Think of this: The average Facebook user has 338 “Friends”. Let’s say you have 20 employees—that’s 6,760 Friends of employees. So a post by employees about your company would probably reach more people than a post on your company Facebook page (especially given how little distribution Facebook gives to unpaid posts from businesses these days).
Should you ask employees for posts or tweets on social media? Not before you read these eight steps to setting up an “employee advocate” program.
1. Make company life and your product or service worth sharing on social media.
As social media consultant Jay Baer says, “If your employees aren’t your biggest fans, you have bigger problems than social media.” Workplace culture, employee pride in their work—that’s the underlying topic of any social media posts you’d hope for. (That and Ugly Christmas Sweater Day.) Employees should genuinely want to share.
2. Make your company social media pages shareable.
At a minimum, ask employees to follow your company pages and share what you post. So your posts should be fun and engaging, not a string of promotional messages. (Try these 5 Types of Shareable Posts.)
3. Incent but don’t push.
For some employees, this could be a big ask: Mixing work images with pix of kittens, babies, awesome meals and other personal stuff. Don’t push—you won’t get the sincerity and enthusiasm you want. For willing employee advocates, recognition makes a good incentive, as in calling out posts that were widely shared (or even generated a lead) and publicly thanking the employees who posted. (But before you make any incentive plans, see step #6 for legal cautions.)
4. Suggest content ideas.
Start with something easy: a “we’re hiring!” post for a job opening. Make sure some employees shoot and post images of company events. Keep employees on message for spreading company news by sending around talking points. Suggest a hashtag: See how Starbucks employees all tag their work-related posts as #tobeapartner.
5. Set a clear policy for social media use by employees.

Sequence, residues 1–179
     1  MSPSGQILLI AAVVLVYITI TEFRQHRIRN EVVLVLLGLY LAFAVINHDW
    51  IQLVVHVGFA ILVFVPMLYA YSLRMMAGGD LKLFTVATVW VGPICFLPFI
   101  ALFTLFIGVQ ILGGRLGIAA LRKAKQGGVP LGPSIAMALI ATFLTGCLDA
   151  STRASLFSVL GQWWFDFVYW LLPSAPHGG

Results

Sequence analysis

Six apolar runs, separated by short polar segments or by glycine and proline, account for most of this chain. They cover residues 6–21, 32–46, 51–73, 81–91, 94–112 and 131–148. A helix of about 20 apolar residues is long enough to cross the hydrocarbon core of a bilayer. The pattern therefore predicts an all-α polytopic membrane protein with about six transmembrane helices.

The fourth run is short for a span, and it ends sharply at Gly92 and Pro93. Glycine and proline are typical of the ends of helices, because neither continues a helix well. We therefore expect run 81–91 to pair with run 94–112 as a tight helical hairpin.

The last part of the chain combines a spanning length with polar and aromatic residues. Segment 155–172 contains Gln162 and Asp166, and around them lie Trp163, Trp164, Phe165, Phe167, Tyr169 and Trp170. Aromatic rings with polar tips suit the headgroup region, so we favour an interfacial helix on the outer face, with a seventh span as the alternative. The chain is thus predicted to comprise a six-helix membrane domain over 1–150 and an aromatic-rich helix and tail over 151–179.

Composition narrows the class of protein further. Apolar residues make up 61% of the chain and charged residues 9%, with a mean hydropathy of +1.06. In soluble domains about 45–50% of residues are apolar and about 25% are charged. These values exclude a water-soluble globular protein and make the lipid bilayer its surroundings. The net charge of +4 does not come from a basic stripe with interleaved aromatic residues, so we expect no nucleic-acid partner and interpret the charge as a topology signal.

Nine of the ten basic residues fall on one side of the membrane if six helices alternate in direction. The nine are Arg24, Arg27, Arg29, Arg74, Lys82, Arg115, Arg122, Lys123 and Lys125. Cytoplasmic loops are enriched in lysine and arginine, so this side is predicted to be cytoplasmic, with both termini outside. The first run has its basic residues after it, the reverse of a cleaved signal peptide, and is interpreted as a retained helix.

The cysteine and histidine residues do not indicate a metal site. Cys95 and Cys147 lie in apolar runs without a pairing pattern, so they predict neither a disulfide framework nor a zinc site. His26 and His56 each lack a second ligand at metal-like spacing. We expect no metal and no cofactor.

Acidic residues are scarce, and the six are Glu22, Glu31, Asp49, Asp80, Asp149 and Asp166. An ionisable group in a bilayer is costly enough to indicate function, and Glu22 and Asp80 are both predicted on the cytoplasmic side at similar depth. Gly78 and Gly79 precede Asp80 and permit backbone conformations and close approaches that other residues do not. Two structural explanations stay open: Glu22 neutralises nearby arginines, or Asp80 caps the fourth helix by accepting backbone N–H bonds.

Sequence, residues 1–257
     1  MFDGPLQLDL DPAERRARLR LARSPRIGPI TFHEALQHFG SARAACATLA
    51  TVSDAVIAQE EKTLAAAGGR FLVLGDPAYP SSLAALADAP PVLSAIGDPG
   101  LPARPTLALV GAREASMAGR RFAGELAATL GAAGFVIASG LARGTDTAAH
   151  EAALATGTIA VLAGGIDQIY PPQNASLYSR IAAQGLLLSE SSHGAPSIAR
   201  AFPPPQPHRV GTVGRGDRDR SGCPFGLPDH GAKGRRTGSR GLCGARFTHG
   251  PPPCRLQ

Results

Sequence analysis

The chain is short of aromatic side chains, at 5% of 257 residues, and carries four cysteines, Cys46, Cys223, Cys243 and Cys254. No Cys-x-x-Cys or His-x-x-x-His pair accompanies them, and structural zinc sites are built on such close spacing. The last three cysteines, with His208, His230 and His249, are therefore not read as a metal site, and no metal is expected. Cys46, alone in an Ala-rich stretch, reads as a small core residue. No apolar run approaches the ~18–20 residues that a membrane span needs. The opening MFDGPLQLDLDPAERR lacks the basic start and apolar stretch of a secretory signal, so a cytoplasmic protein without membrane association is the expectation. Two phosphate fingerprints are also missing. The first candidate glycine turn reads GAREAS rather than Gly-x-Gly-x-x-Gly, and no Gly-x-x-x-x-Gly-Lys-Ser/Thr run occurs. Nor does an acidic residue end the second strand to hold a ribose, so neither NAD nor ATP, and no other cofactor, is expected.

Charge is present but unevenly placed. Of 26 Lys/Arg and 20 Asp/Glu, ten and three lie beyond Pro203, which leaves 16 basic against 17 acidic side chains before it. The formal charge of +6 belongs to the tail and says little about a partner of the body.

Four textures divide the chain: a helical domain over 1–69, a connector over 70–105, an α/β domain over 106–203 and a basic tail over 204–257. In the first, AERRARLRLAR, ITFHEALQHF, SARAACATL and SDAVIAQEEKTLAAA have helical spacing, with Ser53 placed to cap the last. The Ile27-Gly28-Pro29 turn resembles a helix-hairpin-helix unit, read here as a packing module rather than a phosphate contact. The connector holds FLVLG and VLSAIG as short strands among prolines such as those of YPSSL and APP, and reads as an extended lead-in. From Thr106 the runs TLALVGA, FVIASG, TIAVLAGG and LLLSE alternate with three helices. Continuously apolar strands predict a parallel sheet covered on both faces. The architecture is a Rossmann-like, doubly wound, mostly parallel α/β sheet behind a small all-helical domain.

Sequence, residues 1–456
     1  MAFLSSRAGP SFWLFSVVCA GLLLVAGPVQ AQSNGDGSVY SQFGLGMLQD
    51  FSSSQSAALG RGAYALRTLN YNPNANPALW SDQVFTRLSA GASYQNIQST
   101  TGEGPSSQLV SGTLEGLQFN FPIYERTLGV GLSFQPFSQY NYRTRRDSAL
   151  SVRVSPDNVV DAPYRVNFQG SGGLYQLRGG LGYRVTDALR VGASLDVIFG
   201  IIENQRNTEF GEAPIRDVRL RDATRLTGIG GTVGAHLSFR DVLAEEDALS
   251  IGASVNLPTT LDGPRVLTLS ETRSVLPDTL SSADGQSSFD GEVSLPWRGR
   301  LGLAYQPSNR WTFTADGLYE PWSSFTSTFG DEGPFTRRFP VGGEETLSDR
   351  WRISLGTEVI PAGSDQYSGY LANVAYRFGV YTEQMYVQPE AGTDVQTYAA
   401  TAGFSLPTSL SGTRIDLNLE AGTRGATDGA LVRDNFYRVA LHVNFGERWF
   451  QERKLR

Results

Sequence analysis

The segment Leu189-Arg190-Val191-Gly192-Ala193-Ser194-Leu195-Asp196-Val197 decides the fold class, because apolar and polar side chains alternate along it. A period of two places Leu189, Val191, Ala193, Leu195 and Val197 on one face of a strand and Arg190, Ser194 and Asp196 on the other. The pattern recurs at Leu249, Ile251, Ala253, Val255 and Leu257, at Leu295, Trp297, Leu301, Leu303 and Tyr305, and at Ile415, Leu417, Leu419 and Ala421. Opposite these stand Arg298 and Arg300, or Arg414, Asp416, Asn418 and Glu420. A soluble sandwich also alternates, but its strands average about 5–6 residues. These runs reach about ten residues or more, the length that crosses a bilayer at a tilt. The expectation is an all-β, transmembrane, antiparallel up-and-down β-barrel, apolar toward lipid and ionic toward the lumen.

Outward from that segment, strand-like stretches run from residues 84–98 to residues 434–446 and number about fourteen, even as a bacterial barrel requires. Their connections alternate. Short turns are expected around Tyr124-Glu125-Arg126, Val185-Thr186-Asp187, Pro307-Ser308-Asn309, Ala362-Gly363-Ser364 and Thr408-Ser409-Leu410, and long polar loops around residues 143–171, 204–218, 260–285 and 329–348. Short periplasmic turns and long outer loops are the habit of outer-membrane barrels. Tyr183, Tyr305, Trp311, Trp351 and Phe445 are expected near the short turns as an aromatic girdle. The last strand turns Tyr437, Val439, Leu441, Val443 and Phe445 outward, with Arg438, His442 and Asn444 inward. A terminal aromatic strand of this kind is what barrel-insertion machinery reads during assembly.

You are already at risk for anything employees say on social media. Read this article from the New York Times about employees who posted jokes–unrelated to work and on their own social media pages–that resulted in storms of online outrage, embarrassed their companies and led to their firings. In one case, hackers crashed the employer’s website.
OK, extreme examples. Here’s a more likely reputation risk: A bunch of employees go out drinking, get rowdy, post photos with #yourcompanyname.
So you should educate employees in general on how to conduct themselves on social media, and specifically how to handle company information—whether or not they actually post to company social media pages.
Ford Motor Company came up with an easy-to-understand set of principles:
- Honesty about who you are [if it’s relevant that you are an employee of the company]
- Clarity that the opinions are your own
- Respect and humility in all communication
- Good judgment in sharing only public information—including financial data [or any other proprietary information]
- Awareness that what you say is permanent [as in hashtagging while under the influence]
6. Know the law and regulations (and have your lawyer vet your policy).
For instance, Federal Trade Commission guidelines for employees say “You should make sure that your relationship is disclosed to people who read your online postings about your company or its products…Listing your employer on your profile page isn’t enough.” Be aware that some states have “off-duty conduct laws” that might limit an employer’s ability to take a job action for social media posting. Anyway, be safe, consult your attorney.
7. Train on how to handle complaints.
Now for the downside. If employee advocates post about the company, unhappy customers may post or message them through their social media accounts. Train them on the right way to respond: Don’t engage, just politely say the message will get passed to the right people at the company.
8. Track social mentions of your business.
Don’t take anything here as legal advice. Before you set up a social employee advocacy program, talk to your attorney.